Sunday, September 9, 2007

There's Lots of Hidden Diversity Out There

This afternoon I watched a portion of comedian Steve Harvey’s family friendly stand-up performance in his concert film “Don’t trip: He aint through with me yet,” performed before an audience of 16, 0000 churchgoers at an Atlanta-based gospel gathering.

During this performance he confesses to a laundry list of imperfections and life experiences that evolved from his past. Harvey amusingly utters, “There are things that you know about me from just looking at me!” He later added that as a comedian “he sees stuff that others don’t see” and that his uses this observant eye to find the humor that he uses in his unique style of comedy. All joking aside, I suspect that this list of “lived experiences” have informed his life and moved him to where he is today.

Whether you agree or disagree with his typical brand of blue material humor, it occurred to me these descriptions were a reflection of his own brand of “hidden diversity.” If you are aware of his hidden diversities that he shared during this act, it might be easier to surface why he is dedicated to surface why is passionately committed to providing equipment to lower income schools though his foundation and to participating speaking engagements where he stresses the importance of goals and the warns of the dangers of drugs to young audiences.

As acknowledged by Steve Harvey, that if you stop at the observable aspects of an individual’s personhood, you run the risk of missing out on all that exists at the deeper level of their identity, and that offers the potential of bringing forth gifts that can be used for the benefit others who may cross their path.

Are their parts of your identity that if surfaced may reveal all that you have to offer in the way of your own brand of gifting?


Friday, September 7, 2007

Why This Blog on Hidden Diversity

Welcome to our blog. It is our vision to engage in a different kind of cultural diversity discussion regarding the gifts and challenges of people who grew up in many types of cross-cultural backgrounds (e.g. traditional Third Culture Kids (TCKS, immigrants, bi-racial/bi-cultural, etc.), as well as the experiences of employees of international corporations, missionary communities, the miliary and and other expatriates to see what is shared among virtually all groups and what is distinct to each type of experience. We envision this as a way to expedite the discussion for all groups while also affirming the distinctiveness of each.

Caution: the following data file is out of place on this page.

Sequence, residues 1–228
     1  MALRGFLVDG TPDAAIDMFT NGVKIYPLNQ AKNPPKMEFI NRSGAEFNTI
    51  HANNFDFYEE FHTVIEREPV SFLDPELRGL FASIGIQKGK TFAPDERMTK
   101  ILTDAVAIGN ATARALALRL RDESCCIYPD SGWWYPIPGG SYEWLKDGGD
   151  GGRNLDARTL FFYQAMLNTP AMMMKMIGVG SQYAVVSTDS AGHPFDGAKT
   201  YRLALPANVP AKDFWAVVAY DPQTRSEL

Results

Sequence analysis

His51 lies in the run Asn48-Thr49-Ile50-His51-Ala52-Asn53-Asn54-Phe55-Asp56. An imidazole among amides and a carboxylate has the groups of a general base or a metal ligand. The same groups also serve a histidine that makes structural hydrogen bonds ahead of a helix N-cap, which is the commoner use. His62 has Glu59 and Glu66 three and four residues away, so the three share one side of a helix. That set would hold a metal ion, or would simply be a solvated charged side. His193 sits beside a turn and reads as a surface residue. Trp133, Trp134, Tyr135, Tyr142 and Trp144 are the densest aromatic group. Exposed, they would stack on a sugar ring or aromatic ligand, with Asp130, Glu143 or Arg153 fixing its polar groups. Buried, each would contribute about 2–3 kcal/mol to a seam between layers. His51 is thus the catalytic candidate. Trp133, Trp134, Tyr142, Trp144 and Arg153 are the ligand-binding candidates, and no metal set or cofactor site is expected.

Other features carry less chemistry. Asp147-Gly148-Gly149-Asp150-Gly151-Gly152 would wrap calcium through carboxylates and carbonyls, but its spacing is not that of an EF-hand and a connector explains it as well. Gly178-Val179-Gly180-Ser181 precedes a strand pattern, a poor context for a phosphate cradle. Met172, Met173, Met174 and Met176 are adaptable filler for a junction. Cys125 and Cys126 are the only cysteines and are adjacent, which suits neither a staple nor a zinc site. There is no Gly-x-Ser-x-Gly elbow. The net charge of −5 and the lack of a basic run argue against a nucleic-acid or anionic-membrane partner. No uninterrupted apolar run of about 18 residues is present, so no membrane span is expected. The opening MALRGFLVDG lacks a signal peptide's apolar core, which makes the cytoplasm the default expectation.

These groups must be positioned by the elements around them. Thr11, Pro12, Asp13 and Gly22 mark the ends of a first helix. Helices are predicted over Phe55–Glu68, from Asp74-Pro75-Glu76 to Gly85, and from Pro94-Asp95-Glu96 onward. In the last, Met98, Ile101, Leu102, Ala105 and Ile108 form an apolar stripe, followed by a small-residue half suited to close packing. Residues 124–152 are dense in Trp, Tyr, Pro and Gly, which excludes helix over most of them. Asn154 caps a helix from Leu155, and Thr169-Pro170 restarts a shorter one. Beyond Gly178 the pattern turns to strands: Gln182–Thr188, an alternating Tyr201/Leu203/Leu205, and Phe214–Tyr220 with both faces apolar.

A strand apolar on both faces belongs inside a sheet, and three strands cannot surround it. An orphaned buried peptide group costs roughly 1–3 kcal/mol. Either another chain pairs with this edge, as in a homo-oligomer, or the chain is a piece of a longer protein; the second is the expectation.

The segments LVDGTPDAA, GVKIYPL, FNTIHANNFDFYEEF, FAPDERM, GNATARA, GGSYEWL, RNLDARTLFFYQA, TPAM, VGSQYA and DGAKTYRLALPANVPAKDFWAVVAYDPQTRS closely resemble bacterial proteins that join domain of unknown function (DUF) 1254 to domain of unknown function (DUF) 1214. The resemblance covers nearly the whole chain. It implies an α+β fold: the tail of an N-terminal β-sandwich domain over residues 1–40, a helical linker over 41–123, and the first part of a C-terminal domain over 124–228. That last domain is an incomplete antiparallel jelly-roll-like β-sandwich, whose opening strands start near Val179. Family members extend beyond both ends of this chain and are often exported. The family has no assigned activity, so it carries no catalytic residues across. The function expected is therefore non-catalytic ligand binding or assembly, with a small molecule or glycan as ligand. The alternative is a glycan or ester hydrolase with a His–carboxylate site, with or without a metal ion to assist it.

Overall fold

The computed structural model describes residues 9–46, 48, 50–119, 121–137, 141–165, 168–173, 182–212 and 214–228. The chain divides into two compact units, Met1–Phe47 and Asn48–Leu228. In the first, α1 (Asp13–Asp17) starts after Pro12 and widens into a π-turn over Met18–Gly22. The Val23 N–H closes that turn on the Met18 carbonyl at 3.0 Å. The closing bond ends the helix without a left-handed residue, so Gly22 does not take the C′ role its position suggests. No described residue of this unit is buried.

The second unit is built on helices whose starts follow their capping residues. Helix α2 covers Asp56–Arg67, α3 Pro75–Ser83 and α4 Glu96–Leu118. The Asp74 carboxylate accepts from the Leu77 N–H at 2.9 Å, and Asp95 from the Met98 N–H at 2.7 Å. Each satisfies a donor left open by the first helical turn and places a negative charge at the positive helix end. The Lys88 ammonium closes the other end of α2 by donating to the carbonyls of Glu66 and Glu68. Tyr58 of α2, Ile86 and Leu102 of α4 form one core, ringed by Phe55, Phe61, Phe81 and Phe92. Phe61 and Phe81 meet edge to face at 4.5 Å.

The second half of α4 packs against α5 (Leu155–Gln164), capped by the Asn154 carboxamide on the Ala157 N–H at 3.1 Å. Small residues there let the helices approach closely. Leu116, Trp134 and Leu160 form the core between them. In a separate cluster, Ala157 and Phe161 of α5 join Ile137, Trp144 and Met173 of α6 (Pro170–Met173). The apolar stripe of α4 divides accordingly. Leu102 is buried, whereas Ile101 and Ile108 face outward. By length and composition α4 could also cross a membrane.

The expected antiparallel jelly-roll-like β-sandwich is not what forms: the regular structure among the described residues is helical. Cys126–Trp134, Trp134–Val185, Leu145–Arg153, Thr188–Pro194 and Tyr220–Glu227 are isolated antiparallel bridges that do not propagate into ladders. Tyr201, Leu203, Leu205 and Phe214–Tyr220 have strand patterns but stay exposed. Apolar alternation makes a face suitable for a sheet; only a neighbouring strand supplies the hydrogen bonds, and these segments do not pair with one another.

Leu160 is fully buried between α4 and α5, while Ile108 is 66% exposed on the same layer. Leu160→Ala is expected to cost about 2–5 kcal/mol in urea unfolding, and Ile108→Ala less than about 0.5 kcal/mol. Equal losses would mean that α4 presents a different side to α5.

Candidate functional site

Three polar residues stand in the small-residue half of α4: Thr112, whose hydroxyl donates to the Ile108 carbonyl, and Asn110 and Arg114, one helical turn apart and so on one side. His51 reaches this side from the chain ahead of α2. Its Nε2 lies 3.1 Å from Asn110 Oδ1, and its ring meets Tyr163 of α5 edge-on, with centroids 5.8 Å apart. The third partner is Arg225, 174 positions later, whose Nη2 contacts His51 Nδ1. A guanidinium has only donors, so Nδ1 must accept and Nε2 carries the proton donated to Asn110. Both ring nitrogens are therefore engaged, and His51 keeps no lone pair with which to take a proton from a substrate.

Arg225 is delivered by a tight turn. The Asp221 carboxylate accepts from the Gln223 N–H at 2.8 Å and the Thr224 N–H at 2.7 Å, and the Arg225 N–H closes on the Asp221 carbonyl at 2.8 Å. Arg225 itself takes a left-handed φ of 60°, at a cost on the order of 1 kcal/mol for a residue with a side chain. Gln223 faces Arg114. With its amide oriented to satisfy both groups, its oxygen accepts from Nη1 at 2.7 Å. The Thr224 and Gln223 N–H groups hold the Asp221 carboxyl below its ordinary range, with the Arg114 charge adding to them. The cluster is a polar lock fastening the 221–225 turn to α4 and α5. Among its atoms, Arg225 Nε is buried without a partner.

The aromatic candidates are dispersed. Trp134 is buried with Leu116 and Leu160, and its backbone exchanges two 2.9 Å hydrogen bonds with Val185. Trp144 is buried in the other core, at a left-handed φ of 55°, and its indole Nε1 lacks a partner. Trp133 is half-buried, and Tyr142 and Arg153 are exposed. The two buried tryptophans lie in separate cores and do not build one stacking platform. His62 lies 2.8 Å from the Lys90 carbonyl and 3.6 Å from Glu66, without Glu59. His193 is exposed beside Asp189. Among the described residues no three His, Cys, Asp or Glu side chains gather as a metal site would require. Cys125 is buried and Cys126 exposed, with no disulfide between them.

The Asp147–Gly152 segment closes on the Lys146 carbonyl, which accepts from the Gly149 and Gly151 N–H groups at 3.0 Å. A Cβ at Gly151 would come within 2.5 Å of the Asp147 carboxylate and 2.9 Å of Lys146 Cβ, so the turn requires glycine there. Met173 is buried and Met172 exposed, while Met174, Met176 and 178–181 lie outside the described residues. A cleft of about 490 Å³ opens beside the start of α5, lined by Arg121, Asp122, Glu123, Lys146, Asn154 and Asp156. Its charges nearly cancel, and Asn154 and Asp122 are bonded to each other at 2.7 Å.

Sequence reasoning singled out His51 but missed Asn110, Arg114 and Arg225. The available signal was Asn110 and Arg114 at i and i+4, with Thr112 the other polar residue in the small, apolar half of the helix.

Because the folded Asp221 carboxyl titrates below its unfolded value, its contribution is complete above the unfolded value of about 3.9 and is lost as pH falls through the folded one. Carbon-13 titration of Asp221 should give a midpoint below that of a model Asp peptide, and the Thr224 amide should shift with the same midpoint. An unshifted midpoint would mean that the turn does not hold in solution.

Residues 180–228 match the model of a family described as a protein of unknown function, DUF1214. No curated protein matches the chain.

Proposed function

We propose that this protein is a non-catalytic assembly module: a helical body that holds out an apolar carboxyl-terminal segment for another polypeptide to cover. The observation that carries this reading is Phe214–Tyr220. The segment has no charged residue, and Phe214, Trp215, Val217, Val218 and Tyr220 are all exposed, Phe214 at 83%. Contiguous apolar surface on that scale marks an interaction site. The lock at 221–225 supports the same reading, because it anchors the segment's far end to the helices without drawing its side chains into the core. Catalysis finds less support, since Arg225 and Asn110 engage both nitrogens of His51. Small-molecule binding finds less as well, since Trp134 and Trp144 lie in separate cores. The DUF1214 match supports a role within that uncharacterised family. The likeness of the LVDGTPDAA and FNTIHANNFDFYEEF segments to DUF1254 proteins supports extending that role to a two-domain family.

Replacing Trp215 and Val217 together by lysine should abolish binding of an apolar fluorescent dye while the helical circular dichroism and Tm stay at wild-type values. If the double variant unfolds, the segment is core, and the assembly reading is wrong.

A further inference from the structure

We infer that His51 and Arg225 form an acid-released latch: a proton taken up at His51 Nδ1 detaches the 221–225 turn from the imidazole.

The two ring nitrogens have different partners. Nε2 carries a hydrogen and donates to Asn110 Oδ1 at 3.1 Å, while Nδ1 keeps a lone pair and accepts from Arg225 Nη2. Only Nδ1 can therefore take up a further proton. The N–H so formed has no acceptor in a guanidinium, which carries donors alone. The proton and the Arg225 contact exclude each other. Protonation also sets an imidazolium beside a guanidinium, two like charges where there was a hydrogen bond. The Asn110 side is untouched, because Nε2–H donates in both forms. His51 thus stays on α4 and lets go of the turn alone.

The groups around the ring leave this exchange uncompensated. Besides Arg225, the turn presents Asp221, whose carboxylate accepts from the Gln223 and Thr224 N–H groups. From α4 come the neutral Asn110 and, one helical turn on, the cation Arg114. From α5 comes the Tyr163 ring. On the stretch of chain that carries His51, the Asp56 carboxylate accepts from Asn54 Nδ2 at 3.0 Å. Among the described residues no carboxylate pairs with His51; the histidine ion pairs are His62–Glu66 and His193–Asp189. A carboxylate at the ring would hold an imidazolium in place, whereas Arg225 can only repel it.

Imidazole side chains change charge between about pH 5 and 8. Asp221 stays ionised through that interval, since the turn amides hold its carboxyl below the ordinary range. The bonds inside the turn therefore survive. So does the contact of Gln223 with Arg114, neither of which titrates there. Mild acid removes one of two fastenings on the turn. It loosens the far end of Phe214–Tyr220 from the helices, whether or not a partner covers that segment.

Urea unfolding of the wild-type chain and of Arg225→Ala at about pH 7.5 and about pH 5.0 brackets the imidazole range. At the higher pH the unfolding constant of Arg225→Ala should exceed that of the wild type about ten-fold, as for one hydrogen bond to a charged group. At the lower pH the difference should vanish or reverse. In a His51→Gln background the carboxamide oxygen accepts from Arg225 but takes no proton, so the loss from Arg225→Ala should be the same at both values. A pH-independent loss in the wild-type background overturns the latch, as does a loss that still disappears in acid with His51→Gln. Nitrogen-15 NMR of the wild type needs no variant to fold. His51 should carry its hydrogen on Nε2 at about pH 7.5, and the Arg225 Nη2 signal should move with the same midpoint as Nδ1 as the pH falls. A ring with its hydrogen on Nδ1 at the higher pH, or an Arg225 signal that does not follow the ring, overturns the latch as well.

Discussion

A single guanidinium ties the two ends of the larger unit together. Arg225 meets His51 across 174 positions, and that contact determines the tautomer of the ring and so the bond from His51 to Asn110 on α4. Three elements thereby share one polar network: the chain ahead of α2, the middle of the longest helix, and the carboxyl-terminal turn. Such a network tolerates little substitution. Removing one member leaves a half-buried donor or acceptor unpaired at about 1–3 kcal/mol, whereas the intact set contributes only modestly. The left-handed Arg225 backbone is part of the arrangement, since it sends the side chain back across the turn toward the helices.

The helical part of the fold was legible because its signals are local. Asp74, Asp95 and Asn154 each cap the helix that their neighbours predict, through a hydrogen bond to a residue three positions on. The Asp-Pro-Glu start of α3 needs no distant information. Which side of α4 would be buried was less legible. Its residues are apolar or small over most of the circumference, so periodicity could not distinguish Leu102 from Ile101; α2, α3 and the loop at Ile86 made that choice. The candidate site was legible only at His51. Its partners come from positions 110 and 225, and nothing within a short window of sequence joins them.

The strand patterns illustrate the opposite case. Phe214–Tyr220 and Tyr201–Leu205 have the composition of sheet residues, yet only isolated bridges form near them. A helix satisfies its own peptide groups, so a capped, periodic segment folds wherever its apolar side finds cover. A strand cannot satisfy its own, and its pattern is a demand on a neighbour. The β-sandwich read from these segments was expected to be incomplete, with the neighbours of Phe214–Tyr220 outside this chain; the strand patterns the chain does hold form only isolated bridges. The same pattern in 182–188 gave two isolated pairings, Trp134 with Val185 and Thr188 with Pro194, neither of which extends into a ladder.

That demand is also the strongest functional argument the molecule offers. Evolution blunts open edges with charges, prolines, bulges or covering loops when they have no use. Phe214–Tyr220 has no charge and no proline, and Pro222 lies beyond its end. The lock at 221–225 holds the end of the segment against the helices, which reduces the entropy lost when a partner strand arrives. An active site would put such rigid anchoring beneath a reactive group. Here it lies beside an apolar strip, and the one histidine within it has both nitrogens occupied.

Why this Blog

In 2003, we interviewed parents from a variety of countries and cultures whose children were then attending school in the U.S. Each of their children had also gone to school in countries outside the U.S., some to local schools, some to more specifically international type of schools. In our conversations with this diverse group of parents around issues connected to their children's educational experiences due to their internationally mobile lifestyle, a distinctive pattern began to emerge. Often, assumptions and expectations were ascribed to these students were based upon external identity markers and expectations that may or may not have been accurate. ... often resulting in missed opportunities for their teachers and peers to benefit from their “more hidden” gifts that have evolved through this lifestyle.

What came from this research gave birth to what we now call "hidden diversity." Hence, the focus of this blog will be to:

1. Engage in discussion about the increasing number of people who have grown (or are growing) up cross-culturally for many different reasons recognize that they have a core skills set that has been formed from their very lives

2. Help others recognize that there are a cadre of people existing in virtually every workplace, school, or neighborhood environment with these core skills sets but that often these skills are not being recognized or used because those who possess them do not fall into the usual expectations or markers for recognized “diversities.”

3. Provide information that is relevant for people who teach, work, and live with those from cross-cultural backgrounds recognize some of these common gifts and challenges a cross-cultural childhood may bring so they can also help their students, workmates, and family members more intentionally and fully develop their strengths.

Paulette and Ruth